Economic Survey: Infuses optimism for what lies ahead; expect Budget to announce reforms to boost consumer spending

The Economic Survey has noted that a distinguishing feature of India’s economic response has been an emphasis on supply-side reforms rather than a total reliance on demand management.

These supply-side reforms include deregulation of numerous sectors, simplification of processes, removal of legacy issues like ‘retrospective tax’, privatisation, production-linked incentives.

Experts weigh in

Ramesh Nair, CEO, India & Managing Director, Market Development, Asia, Colliers

The 2022 Economic Survey infuses optimism for what lies ahead. The projection of 8-8.5 percent GDP growth for fiscal 2022-23 will be led by supply-side reforms and easing of regulations. The survey also indicates that consumption is growing and inching closer to the pre-pandemic levels. Total consumption is estimated to have grown by 7.0 per cent in 2021-22 with a significant boost from government spending. The Survey spells out that rising capital expenditure by the government on infrastructure and an uptick in the housing cycle has been responsible for reviving the construction sector. This has resulted in the consumption and production of steel and cement consumption to reach pre-COVID levels. We expect Budget 2022-2023 to announce reforms and incentives that will continue to boost consumer spending and thus aid in the overall revival of the real estate sector.

Aditi Nayar, Chief Economist, ICRA

The range of 8.0-8.5 percent growth for FY2023 assumed by the Economic Survey appears to have built-in a cushion for any disruption caused by future waves of COVID, in our view, even as preparedness of economic agents has improved amidst the insurance offered by the bouquet of social safety nets. The continued thrust to government capex portended by the Economic Survey is enthusing, as it offers the best likelihood of instigating a durable growth recovery. This is in line with our own view that the upcoming Budget must fully allocate the amount of capital spending that can realistically be absorbed in FY2023.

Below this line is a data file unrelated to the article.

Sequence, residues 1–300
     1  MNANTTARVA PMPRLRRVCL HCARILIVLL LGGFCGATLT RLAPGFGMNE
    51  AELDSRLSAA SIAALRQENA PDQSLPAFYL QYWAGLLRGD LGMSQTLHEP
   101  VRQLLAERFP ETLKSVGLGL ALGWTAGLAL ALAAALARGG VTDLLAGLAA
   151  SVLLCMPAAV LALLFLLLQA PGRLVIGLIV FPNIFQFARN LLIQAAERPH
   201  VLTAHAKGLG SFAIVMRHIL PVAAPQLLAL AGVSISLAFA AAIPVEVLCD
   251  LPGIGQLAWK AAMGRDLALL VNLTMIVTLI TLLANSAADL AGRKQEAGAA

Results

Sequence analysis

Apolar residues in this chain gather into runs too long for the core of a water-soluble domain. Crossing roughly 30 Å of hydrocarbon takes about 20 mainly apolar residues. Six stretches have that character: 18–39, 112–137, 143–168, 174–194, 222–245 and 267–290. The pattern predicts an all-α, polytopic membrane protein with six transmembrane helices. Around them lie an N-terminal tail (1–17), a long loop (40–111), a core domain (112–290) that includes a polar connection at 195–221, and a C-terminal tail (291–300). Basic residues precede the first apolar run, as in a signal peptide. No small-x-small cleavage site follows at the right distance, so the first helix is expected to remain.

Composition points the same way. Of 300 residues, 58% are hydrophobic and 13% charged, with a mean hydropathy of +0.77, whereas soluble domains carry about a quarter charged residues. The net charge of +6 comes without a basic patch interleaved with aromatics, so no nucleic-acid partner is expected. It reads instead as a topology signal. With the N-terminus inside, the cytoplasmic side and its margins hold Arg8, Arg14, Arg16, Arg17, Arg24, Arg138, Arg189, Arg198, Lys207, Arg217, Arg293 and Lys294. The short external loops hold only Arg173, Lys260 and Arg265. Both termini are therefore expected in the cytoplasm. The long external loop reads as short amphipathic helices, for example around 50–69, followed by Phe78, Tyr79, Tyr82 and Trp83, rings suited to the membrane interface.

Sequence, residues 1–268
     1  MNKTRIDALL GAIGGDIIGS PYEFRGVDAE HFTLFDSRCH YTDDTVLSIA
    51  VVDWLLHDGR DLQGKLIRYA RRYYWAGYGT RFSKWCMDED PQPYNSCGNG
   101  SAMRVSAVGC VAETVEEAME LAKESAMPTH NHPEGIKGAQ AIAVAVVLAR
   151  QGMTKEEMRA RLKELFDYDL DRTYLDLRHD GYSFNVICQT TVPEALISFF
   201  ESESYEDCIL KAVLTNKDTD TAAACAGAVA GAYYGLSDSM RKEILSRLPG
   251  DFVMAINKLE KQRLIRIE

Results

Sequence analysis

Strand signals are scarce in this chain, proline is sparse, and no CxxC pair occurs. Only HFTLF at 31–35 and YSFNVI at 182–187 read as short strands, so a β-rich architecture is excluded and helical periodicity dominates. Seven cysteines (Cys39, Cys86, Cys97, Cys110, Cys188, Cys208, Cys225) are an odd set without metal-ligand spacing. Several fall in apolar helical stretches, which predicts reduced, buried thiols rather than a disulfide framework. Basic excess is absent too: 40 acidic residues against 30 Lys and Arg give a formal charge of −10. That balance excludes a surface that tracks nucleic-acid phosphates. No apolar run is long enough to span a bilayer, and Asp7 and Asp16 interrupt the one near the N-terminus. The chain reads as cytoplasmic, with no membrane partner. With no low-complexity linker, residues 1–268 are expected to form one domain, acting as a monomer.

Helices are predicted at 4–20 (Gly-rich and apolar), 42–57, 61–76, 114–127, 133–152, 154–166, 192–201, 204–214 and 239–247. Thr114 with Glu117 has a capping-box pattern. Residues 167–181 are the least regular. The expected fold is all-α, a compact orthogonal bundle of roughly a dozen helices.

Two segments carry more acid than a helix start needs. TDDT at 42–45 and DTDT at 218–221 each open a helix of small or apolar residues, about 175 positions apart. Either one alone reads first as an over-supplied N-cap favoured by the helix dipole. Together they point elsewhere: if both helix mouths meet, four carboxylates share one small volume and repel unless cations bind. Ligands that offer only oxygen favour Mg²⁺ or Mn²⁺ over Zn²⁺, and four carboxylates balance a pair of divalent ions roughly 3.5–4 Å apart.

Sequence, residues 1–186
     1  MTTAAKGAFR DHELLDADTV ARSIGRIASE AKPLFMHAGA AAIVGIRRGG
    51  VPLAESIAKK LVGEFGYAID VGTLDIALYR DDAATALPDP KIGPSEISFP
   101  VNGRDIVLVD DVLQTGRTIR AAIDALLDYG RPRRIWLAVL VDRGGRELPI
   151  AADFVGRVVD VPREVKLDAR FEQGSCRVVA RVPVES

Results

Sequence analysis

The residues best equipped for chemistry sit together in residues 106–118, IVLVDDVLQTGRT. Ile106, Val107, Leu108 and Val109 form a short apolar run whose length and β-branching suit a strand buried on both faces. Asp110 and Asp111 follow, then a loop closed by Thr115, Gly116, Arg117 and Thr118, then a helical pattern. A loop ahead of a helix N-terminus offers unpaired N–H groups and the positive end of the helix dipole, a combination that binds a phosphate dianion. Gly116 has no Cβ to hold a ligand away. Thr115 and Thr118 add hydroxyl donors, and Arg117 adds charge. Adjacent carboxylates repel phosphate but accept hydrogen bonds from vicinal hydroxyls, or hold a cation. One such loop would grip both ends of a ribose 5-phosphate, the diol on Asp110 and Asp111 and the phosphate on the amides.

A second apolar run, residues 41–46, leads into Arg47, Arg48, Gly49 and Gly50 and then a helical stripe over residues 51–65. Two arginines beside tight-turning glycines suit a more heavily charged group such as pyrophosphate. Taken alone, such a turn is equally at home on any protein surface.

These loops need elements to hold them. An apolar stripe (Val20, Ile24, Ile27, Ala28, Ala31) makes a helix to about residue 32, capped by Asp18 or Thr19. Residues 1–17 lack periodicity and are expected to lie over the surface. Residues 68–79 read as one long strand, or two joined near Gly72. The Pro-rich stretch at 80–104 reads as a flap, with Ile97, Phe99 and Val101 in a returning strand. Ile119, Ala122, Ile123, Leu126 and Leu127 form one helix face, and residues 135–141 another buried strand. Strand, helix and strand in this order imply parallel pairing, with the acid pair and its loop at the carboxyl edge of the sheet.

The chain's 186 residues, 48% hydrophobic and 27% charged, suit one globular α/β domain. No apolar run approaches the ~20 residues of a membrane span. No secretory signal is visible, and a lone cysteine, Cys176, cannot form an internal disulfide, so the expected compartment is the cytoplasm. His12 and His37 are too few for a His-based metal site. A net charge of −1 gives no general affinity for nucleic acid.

With the Economic Survey corroborating that spending will be back-ended in FY 2022, we maintain our forecast of a modest fiscal slippage driven by the missed disinvestment target.

Following the conversion/switch of G-sec with the RBI, we now peg the gross dated borrowing of the GoI at Rs. 12.3 trillion in FY2023. Our baseline assumption is that GDP growth will remain steady at 8.9 percent in FY2022 and 9.0 percent in FY2023. With the rebound in commodity prices leading us to revise up our WPI inflation forecast for FY2023 (to 4.0 percent from 2.0 percent), and creating an upside to our projection of a 5.0 percent CPI inflation for FY2023, we now place nominal GDP growth for the coming year at 13.5 percent. The stickiness in the CPI inflation suggests that its only a matter of time before the MPC commences on policy normalisation, with a change in stance to neutral in April 2022.

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